Jim: It's the balance of everything.
Larry: But the balance of everything - that that cannot be your identity; it cannot be your purpose. And, the Lord, in his kindness, sometimes shatters our dreams, in order for us to discover what our deepest dream really is.
John: Dr. Larry Crabb was our guest today on Focus on the Family. And Jim and I had traveled to Charlotte, North Carolina where we met Dr. Crabb, and he now lives there. It was certainly a rich time of learning for us and for the audience that was assembled there for that morning recording.
Jim: It was, John, and I love his reminder about the two things that are most important in life. Let me repeat them so we capture them, that is love God and to love others - the very thing Jesus said, and that sums up his teachings. As I've said before, this is a hard subject, suffering, but Larry has really helped us better understand it today. And I hope you will get a copy of his book so that you can go deeper not only for yourself, which is important to be healthy in this area, but also to counsel others around you when they're going through difficulty.
John: Yeah, and as you said earlier, Jim, the valleys will come, I mean that came out in these broadcasts, and when they do, this is the kind of book you're gonna want to have read and referred to again. This is not a one-and-done kind of book. You're gonna go back to it time and again.
Jim: It's not, and let me just give you a scriptural reference. I believe it's there in the Psalms where it says, "He is close to the broken-hearted and saves those crushed in spirit." And I would simply ask if that's the case, let's run to it. Lord, break me of my flesh and help me in my spirit.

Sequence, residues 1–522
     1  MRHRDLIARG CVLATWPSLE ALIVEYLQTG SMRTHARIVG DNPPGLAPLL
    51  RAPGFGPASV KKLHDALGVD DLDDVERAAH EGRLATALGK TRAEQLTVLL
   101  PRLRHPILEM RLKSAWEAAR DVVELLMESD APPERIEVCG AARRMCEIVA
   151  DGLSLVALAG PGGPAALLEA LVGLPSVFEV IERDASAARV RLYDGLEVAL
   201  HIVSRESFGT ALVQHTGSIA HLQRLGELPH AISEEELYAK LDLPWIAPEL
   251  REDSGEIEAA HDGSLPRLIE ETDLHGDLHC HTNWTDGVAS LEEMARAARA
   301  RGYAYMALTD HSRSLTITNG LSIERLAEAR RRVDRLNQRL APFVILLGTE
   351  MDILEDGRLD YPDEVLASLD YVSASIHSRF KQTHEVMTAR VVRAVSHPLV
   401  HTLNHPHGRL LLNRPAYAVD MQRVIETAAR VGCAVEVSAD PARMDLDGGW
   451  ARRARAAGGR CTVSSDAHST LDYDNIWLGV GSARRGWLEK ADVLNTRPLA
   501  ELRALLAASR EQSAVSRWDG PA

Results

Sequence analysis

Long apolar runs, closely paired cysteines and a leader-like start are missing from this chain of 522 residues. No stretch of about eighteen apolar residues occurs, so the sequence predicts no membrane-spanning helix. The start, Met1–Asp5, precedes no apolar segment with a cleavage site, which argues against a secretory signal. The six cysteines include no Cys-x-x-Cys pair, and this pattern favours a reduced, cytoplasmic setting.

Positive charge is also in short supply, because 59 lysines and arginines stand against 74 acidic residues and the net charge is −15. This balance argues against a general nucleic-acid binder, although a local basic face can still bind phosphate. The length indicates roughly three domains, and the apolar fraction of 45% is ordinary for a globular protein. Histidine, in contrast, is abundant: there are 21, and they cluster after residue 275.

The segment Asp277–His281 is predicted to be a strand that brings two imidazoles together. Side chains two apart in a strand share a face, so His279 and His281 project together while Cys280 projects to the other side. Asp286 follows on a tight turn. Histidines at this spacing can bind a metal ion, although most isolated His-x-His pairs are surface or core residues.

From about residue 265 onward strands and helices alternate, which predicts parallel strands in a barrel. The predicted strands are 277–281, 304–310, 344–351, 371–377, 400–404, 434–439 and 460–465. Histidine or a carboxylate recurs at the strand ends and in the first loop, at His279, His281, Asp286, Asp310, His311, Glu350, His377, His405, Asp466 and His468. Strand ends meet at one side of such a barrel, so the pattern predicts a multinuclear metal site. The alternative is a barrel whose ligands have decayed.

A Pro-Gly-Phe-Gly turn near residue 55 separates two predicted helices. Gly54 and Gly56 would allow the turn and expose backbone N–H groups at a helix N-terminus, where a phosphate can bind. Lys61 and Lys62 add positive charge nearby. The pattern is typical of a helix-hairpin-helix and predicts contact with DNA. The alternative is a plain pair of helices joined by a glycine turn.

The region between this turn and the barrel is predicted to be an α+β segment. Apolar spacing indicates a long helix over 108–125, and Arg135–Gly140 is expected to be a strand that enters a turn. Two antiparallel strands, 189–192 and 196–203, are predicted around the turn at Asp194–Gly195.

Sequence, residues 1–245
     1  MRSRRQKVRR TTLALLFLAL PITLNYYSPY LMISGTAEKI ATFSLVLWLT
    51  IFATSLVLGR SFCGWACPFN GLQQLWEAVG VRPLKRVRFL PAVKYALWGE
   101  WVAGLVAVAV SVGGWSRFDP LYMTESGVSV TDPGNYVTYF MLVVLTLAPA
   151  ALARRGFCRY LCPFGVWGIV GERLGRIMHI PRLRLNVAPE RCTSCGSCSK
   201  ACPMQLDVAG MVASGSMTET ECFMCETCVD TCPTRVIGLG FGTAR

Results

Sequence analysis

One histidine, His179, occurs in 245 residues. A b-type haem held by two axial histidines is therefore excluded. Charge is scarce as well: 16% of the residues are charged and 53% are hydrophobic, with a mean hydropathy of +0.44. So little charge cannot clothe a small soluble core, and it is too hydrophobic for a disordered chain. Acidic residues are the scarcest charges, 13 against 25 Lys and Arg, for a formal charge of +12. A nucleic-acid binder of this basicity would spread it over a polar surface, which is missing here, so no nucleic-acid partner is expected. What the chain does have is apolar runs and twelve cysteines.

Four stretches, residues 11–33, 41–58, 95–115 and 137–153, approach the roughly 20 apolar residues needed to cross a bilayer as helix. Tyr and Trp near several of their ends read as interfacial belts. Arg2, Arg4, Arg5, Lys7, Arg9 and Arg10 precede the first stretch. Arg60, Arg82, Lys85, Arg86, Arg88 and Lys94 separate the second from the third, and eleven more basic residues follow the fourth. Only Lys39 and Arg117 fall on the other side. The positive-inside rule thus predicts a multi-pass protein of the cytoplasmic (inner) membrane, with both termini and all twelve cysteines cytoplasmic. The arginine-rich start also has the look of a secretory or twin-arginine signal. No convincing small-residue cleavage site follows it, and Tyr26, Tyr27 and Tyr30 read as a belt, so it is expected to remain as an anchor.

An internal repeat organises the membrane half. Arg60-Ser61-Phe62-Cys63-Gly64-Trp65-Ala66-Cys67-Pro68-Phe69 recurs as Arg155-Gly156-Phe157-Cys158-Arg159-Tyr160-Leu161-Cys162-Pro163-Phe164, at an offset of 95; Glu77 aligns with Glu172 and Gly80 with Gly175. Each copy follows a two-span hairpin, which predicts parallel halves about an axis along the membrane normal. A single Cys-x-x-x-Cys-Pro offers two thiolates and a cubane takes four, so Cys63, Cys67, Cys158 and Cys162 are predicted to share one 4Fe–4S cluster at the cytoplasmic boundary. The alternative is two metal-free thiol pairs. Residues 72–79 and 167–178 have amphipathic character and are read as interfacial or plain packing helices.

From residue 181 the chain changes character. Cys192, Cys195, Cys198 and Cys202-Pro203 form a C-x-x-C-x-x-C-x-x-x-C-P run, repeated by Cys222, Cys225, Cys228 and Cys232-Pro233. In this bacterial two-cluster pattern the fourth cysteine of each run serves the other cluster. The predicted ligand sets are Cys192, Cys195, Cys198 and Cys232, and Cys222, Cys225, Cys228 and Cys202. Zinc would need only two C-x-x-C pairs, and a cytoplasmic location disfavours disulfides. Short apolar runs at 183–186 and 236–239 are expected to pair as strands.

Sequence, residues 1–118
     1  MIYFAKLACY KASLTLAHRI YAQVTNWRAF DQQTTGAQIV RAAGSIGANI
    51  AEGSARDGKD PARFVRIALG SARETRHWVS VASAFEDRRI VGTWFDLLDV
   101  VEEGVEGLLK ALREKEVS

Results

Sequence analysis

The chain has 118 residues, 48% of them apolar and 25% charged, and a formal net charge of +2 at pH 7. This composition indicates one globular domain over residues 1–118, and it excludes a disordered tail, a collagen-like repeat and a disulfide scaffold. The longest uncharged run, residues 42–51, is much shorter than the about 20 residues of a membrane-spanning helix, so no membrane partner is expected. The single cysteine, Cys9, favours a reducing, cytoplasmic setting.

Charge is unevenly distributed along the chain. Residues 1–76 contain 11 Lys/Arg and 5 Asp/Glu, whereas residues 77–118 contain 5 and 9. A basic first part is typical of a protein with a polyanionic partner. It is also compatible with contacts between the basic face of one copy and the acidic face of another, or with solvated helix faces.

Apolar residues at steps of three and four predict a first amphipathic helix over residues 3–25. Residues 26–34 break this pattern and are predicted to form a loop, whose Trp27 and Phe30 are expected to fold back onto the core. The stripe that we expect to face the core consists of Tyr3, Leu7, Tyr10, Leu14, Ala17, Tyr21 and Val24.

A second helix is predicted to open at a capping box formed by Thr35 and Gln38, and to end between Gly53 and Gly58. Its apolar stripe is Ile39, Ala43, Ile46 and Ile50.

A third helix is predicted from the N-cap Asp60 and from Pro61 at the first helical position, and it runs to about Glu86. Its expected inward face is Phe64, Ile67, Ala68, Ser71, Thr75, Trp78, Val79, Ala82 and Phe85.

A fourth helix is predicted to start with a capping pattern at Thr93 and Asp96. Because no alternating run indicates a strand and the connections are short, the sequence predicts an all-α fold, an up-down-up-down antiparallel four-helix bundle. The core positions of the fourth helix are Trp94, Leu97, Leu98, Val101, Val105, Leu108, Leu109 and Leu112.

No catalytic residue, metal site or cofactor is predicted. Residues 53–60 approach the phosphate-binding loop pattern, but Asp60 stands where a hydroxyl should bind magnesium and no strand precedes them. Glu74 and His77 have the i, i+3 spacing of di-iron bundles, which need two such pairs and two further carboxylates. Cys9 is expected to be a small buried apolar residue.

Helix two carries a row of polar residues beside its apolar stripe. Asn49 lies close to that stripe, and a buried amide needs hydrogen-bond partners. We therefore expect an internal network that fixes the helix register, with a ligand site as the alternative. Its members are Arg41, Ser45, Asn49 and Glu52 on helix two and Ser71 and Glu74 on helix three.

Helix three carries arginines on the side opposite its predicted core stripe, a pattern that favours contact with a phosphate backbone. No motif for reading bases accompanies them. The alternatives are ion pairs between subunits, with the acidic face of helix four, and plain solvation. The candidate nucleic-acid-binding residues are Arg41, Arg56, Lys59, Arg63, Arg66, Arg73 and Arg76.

John: Well certainly, Dr. Crabb's book, will help you in those tough times. We've got it here at Focus on the Family. Make a donation, and we'll send a copy to you. Our number is 800, the letter A and the word FAMILY, 800-232-6459, or you can donate and get the book at focusonthefamily.com/radio.
As I said, make a generous contribution to the work here of Focus on the Family, a gift of any amount, and our way of saying thank you for joining the support team here is by sending a copy of Dr. Crabb's book.
Well thanks for listening today. Next time on this broadcast, how you and your spouse can take your marriage to the next level.
Closing Voice Track:Greg Smalley: I think the best question that we ask in our marriage is how can I be a better spouse?
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Dr. Larry CrabbView Bio
Dr. Larry Crabb is a well-known psychologist, public speaker, Bible teacher, author, and the founder and director of NewWay Ministries. He is currently Scholar in Residence at Colorado Christian University, and serves as Spiritual Director for the American Association of Christian Counselors. Dr. Crabb has authored numerous books including Understanding People, The Marriage Builder and Fully Alive. He and his wife, Rachael, reside in the Denver, Colorado area.